CONSIDERING I FIRST SAW HER WHILE sitting inside a shopping cart, it is rather amazing the memory of her is as strong today as it was decades ago. It was the only grocery store I knew as a little boy; she worked behind one of the cash registers and her name was Henrietta. With wire-rimmed eyeglasses and her shiny, light brown hair pulled tightly back into a large bun that was stuffed into a black hairnet; I always perked up when she was the checker for our checkout line. She knew my name which even for my young age, made me feel important and special. Not all the time, but often enough she would give me a lollipop or a small candy bar. Always with a smile on her face, to me she was the kindest and sweetest person I knew. When I got old enough to go to the grocery store myself, I always chose the check out aisle she was working. Though I had outgrown the desire to eat every bit of candy given or bought for me, Henrietta would give me some kind of small trinket or object. One time I received a pencil sharpener that was shaped like a rocket ship; another time I received a bottle of bubbles. She was such a strong fixture at the neighborhood grocery store; I could not think of the store without thinking about her. NEXT TO THE GROCERY STORE WAS a laundromat and next to it was a hot dog place. Once my friends and I were old enough, we would go to the hot dog restaurant for lunch instead of the school cafeteria. The restaurant was a fast-food joint that served hot dogs and hamburgers in these red plastic baskets that were lined with a red and white checkerboard sheet of waxy paper. The cook knew we students had to be back to school on time, so he made sure to get our orders out to us quickly. Sometimes after school, I would stop at the restaurant to get a soft drink before walking a couple of blocks to the local drugstore. The store had the look of an old-fashioned apothecary with its wooded shelves going high up the sides of the walls. Light fixtures hung down by black piping and the ceiling was made of stamped tin. The pharmacists knew me and would let me take family members’ prescriptions home without a signature. Each store in my neighborhood was a familiar and welcome place; many of the store owners knew me. Nearly all the residents in the neighborhood knew each other. The apartment I grew up in never seemed small to me because my home was my entire neighborhood, just as it was for the residents in this musical drama. ONE WAS NEVER ALONE WHEN THEY lived in New York’s Washington Heights neighborhood, both in good times and bad. With Anthony Ramos (A Star is Born, Honest Thief) as Usnavi, Melissa Barrera (Vida-TV, Dos Veces Tu) as Vanessa, newcomer Leslie Grace, Corey Hawkins (Straight Outta Compton, Kong: Skull Island) as Benny and Jimmy Smits (Star War franchise, NYPD Blue-TV) as Kevin Rosario; this film based on Lin-Manuel Miranda’s (Hamilton, Mary Poppins Returns) Broadway musical brimmed over with singing and dancing. The music was infectious, accompanied by electrifying choreographed dancing. I thought the directing was crisp, providing a few opportunities to create powerful scenes. There were a few scenes that did not resonate with me; either they were offshoots to what I thought was the main story line or the scenario presented was predictable to me. If one is not a fan of musicals, I do not feel they will enjoy watching this movie as much as those familiar with Lin-Manuel’s style of song writing. The sense of belonging within a community, done in a vibrant and bold style, was a nice change of pace from the typical pictures that have come out this year. There was an extra scene at the end of the credits.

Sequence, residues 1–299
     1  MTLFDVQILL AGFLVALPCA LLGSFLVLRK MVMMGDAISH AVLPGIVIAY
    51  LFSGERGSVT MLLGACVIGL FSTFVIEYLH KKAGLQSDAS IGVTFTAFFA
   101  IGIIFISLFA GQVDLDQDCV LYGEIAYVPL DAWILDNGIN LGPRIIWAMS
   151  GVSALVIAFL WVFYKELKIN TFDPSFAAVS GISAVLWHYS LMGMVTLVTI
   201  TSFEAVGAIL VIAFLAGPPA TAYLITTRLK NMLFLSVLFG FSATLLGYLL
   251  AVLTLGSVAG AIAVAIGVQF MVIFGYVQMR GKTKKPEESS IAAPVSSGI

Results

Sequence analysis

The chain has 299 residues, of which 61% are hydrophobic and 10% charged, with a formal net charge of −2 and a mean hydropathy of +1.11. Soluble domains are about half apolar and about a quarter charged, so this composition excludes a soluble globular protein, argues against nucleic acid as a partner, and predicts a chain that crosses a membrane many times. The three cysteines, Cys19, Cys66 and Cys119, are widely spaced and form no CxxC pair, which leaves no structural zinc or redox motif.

3 ¼ stars